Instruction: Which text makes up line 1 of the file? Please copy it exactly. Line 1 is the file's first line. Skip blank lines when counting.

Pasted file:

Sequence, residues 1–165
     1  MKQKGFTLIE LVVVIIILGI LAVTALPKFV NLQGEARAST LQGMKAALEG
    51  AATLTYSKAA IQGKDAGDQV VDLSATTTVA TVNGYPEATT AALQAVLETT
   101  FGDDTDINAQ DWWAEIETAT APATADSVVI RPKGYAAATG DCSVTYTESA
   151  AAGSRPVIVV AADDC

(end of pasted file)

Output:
Sequence, residues 1–165